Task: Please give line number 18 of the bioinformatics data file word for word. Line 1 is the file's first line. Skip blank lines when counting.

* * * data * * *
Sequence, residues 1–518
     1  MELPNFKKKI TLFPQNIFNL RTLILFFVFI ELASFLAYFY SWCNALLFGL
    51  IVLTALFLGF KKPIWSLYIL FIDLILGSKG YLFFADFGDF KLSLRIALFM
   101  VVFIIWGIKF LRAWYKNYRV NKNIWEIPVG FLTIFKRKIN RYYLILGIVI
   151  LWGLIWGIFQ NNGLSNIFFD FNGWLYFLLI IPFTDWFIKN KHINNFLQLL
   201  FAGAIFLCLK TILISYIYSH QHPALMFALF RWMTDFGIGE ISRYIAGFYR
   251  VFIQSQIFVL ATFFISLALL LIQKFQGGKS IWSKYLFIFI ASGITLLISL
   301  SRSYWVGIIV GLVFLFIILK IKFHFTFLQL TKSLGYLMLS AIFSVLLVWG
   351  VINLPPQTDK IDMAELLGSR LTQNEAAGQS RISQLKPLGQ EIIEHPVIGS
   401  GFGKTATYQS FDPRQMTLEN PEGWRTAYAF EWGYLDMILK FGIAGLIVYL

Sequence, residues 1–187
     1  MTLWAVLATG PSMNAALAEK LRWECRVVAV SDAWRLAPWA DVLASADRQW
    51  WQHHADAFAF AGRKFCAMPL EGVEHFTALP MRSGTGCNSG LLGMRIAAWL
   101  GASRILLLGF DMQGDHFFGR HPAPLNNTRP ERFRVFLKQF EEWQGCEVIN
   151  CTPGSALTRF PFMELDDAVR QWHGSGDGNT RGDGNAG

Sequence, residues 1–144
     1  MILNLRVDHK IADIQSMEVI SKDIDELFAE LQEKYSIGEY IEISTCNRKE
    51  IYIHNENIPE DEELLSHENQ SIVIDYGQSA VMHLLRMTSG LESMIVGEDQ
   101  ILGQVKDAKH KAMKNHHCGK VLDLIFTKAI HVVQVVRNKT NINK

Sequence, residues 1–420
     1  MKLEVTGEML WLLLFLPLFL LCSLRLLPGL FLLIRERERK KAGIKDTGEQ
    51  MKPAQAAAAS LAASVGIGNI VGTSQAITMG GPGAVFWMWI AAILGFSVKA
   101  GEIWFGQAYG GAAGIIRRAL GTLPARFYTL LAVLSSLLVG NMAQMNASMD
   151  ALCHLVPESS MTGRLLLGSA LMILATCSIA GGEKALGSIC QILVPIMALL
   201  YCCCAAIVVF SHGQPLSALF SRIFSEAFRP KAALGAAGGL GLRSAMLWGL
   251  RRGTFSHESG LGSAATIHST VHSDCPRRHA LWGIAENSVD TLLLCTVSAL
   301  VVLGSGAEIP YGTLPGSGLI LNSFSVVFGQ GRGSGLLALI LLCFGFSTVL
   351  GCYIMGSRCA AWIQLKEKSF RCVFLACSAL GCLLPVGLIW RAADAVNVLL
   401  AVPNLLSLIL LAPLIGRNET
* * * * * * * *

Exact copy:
    51  IYIHNENIPE DEELLSHENQ SIVIDYGQSA VMHLLRMTSG LESMIVGEDQ